The partnership, conceived as a solution to a rather desperate and hopeless situation, helped Noosfera find its long-term partners in the education field for the benefit of Georgia's young generation, currently deprived of proper education and cognitive opportunities under the extended lockdown. It became clear that online screenings and discussions could be integrated into the formal studies; moreover, the films are excellent tools to complement and diversify the academic curricula, to reach out to the students and pupils when they find it challenging to navigate through their fears and anxieties as the life is no longer normal.
Instead of feeling isolated and alienated by the lockdown, TSU's and target schools' young viewers watched a wide array of documentaries on various acute social themes, such as re-socialization of former prisoners, drug addiction and social stigma, women and girls in jail, society and outcasts, adaptation and struggles of the individual, justice and law, etc. The discussions following the films helped them ponder over important global issues, become more tolerant and open, recast their opinions and judgements.
Noosfera rightly sees its films as cognitive tools to help the young generation develop critical thinking and analytical skills, and overcome stereotypes and biases.
Due to the excellent results achieved, TSU's other faculties (e.g. sociology, journalism, psychology) and more public schools have expressed their willingness to cooperate with Noosfera.
Noosfera plans to create a network of the interested academic stakeholders, including students, to formalize its partnership and exchanges. To ensure an even better quality of uninterrupted screenings, Noosfera has upgraded its website for online streaming, webinars and online discussions to enable an easy access by the teachers and students. As of autumn, the Armenian and Azerbaijani audience will also be able to watch the films online.
Even if the pandemic is apt to linger in the region, the days will no longer be dull and gloomy with Noosfera's online films to watch.
Thank you for the inputs on the project to Tamar Tsivtsivadze and Iamze Tsagareishvili, responsible for Culture at the SDC in South Caucasus.
The Lockdown and Culture: While a partial lockdown was imposed on almost all domains in Egypt due to the spread of Coronavirus, a total one was in effect on the cultural sector to make it the hardest hit by the pandemic. The lockdown led to the closure of all schools in Egypt, including Al-Darb Al-Ahmar Arts School (DAAS) in Cairo and Aswan Music Project in Aswan (AMP), where SDC is granting contribution to the Aga Khan Music program provided at these two schools to qualify graduates to enter the music profession and gain skills for a variety of income-generating activities.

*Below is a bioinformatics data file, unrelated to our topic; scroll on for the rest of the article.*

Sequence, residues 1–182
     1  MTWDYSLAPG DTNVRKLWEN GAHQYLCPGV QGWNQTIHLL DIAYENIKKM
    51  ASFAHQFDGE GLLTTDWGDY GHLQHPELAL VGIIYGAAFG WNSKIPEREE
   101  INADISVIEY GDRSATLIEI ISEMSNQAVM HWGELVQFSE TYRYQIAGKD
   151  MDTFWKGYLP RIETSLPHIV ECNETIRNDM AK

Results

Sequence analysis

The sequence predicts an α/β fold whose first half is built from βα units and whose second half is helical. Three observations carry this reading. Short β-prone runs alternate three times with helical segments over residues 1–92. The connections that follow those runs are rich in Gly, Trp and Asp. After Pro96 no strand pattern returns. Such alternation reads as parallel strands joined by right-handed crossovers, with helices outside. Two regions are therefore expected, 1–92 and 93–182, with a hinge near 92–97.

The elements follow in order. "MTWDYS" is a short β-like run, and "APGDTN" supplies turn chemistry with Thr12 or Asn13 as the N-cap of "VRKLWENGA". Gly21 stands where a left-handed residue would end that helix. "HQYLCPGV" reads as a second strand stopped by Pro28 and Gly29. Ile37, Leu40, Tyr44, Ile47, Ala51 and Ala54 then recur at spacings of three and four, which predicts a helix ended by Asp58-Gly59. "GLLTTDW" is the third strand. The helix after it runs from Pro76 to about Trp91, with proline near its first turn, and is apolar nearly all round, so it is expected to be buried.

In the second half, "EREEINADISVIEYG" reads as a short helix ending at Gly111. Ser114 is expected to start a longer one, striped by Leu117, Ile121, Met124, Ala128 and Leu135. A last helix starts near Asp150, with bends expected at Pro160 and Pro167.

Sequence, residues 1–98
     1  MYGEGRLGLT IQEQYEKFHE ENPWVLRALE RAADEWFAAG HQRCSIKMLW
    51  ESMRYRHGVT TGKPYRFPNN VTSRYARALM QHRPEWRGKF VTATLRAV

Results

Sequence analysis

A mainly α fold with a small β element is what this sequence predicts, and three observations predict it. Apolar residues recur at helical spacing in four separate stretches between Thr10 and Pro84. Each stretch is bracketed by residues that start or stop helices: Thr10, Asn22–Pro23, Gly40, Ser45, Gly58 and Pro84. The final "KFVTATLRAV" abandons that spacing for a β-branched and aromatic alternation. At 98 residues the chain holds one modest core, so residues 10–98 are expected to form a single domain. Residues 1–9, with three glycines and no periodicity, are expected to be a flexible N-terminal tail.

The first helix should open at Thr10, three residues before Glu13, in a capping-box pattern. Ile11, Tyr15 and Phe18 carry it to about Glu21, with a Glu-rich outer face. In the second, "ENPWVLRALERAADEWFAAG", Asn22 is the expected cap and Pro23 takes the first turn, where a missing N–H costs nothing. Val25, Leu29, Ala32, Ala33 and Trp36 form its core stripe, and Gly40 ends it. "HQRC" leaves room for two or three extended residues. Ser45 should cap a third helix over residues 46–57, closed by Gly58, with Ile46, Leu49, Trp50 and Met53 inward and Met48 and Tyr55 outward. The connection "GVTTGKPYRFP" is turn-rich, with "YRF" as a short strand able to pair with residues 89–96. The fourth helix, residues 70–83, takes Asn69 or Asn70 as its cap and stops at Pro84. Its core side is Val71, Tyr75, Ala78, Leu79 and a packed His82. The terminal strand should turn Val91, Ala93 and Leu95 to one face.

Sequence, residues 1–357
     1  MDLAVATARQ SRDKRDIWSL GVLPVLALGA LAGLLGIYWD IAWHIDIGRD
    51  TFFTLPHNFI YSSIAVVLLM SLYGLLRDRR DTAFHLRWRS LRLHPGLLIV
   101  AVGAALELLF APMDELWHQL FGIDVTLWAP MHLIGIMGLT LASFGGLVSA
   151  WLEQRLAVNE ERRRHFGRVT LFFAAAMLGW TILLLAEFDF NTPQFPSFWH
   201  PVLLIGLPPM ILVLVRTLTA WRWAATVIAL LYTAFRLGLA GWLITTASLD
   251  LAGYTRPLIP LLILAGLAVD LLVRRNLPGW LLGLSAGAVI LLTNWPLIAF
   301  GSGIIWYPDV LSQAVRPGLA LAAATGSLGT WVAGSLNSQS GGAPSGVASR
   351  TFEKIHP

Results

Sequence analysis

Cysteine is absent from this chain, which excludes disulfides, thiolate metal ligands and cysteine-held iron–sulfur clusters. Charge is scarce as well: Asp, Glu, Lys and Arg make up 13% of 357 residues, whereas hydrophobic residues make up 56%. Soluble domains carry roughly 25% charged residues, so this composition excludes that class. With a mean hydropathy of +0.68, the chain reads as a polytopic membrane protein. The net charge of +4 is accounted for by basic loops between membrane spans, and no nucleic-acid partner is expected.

Strategy Adaptation and Success Stories: Creative and innovative by its nature, the cultural field inspired its pillars, both donors and implementers, to adapt their strategy. The SDC supported DAAS and AMP transfer to virtual training. The virtual performances by the students were so successful that they crossed the borders and reached audiences outside Egypt. The Students of DAAS were invited by a culture and arts organization in Amman, Jordan, to do an online live performance that allowed the Aga Khan Program students in Egypt to share their culture with other countries during the lockdown. In addition, when the lockdown measures were slightly relaxed and performances became allowed with certain restrictions, many students used the training they received to perform at public entertainment shows that enabled them to generate income. Moreover, the students of AMP took part in the celebration organized by Om Habiba Foundation at “the Nile Museum" in Aswan on the occasion of the International Woman's Day while DAAS performed at Luxor Festival for African Cinema in March 2021.
DAAS Students at Luxor Festival for African Cinema.
Promoting Community Cohesion, Raising Awareness and Attracting audience: In Aswan, Aga Khan Music program helped to promote community cohesion by integrating students of different ethnicities and religions in Aswan into an environment that respects cultural diversity. Furthermore, the workshops organized in different villages outside Aswan city raised awareness of the value of arts and music in a very conservative society, attracted more audience, and encouraged more applicants to join the music program.
Flexibility: Although the strategy adaptation allowed for the continuation of the cultural projects, significant budgeted activities could not be implemented in 2020. As a result, the Swiss Cooperation Office in Egypt showed flexibility allowing its partners to extend the time of implementing the music program of Aga Khan in Cairo and Aswan.
The lockdown had its toll on all cultural players but meanwhile it inspired them all; it inspired the implementers to adapt strategy to achieve objectives, the SDC cultural advocates to adopt flexibility to have their goals materialized, and the beneficiaries to keep going.
Thank you for the inputs on the project to Lobna Sobie, responsible for Culture at the SDC in Egypt.
The impact of pandemic in Albania
The cultural sector in Albania was severely affected by the pandemic. In a time when cultural spaces closed for several months and activities were restricted, independent cultural workers were left out of the national mitigation schemes. Under the new circumstances, the Swiss Agency for Development and Cooperation (SDC) contributed to ease the challenges that the sector faced through its project Swiss Cultural Fund (SCF).